Wolfgang Buechele, chief executive officer of Europe’s largest maker of water-treatment chemicals Kemira Oyj, is poised to bring in ex-colleague Michael Loeffelmann to improve efficiency amid a strategy overhaul, two people with knowledge of the matter said.
Loeffelmann, who has worked at business consulting firms Roland Berger and AlixPartners, will join Finland’s Kemira to help oversee profit-improving programs, the people said, declining to be identified as the matter isn’t public.
Kemira’s revised strategy, to be detailed next month, will outline accelerated plans for emerging-market growth, bolt-on acquisitions and new products in areas such as lightweight packaging, Buechele, 53, said in an interview yesterday. While Buechele, who became CEO in April, said that he hired a person to improve efficiencies, he declined to give the name.
Buechele, a former BASF SE board member whose career includes roles at Blackstone Group LP and Permira Advisers LLP, said the new efficiency role will span the current “Fit for Growth” savings program and ongoing efficiency measures beyond that. Kemira is closing 14 sites as it strips away 60 million euros ($78 million) in costs, and the reshape has extended to empowering regional business managers to bolster sales.
“Efficiency improvement is not a one-time approach but is becoming a going concern and that’s why I have hired somebody,” Buechele said, adding that the new hire is a person that he has worked with “intensively” before. He will report directly to Buechele.
Loeffelmann worked at Hungarian chemical maker BorsodChem when Buechele was appointed chief by Permira, with a mandate to restructure the company and restore it to growth. China’s Wanhua Industrial Group took over full control of BorsodChem in February 2011. Loeffelmann couldn’t be reached for comment.
An internal and external search is also under way for a replacement for finance chief Jyrki Maeki-Kala, who announced last week that he’s taking the equivalent role at oil company Neste Oil Oyj.
Kemira faces stiffening competition from larger, more diversified companies seeking to tap the so-called megatrends of population growth and increasing pressure on water supplies. BASF in December started production at a water- and paper-chemical plant in Nanjing, China and Ecolab Inc. purchased rival Nalco Holding Co. for $5.4 billion in 2011 and is moving into oil and gas chemicals.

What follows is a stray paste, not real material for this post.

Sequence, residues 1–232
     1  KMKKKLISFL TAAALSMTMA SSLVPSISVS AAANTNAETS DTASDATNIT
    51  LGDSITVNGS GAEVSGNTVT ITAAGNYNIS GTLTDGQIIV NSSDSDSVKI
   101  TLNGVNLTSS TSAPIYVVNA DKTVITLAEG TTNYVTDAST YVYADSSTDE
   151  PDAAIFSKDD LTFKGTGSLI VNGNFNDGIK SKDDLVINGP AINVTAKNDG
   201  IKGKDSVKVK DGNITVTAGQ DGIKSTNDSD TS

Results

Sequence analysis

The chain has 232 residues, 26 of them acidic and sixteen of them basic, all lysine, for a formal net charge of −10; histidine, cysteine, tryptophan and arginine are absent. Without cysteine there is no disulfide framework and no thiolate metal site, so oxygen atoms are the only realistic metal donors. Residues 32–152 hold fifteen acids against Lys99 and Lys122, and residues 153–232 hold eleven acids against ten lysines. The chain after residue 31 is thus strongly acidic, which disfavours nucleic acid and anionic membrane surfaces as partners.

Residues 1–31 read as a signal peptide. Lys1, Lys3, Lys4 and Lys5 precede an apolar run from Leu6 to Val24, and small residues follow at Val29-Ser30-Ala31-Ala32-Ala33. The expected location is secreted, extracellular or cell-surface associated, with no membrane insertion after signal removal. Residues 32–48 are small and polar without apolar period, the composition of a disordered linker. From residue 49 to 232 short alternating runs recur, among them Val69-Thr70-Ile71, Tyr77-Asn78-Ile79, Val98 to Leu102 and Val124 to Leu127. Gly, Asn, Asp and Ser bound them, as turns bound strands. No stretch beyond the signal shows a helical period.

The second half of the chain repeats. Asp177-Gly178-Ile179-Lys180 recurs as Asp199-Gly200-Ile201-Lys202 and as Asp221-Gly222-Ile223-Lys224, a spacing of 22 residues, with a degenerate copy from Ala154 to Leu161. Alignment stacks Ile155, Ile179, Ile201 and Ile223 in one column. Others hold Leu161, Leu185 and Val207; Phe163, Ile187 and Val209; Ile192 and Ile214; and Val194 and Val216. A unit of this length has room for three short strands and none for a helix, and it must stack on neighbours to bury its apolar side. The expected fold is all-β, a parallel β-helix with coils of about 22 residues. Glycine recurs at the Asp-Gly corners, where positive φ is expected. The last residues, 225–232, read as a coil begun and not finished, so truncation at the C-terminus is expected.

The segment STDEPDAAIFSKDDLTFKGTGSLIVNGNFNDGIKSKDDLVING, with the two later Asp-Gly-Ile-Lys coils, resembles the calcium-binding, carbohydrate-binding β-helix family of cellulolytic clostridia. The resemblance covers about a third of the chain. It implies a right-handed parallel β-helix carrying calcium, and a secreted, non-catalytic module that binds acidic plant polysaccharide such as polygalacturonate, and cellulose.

Shares of the Helsinki-based company on Feb. 6 fell the most in almost a year after it reported lower-than-estimated profit, with the company flagging heightened rivalry in the market for bulk water-treatment chemicals produced in quantities of 50,000 tons a year.
Buechele said his survival plan centers on producing the higher-margin, smaller-volume additives, avoiding the areas that the large plants of BASF will focus predominantly on.
Rather than major new chemical complexes, the theme of the forthcoming strategy presentation will touch more on research and development priorities, how to accelerate growth in emerging markets and introducing new products, including a planned investment in an innovative packaging material currently under trial, Buechele said. The blueprint extends beyond expansion and into areas such as efficiency and corporate culture, the CEO said.
“It will be a sharpened strategy, outlining where the focuses are and where we take it forward,” the CEO said. “Kemira before 2007 acquired quite a lot of different companies but hardly integrated them and that’s what created the dilemma we’re in.”
Buechele is also discussing potential acquisition targets with managers as the company seeks bolt-on technology for mining-, and oil-and-gas chemical operations. The mining industry remains largely fragmented in Africa as well as Latin America.
Kemira declined 1.2 percent to 11.07 euros as of 3:39 p.m. in Helsinki, giving the company a market value of 1.7 billion euros. The stock gained 1.8 percent in the last 12 months, while the OMX Helsinki 25 Index added 4.6 percent.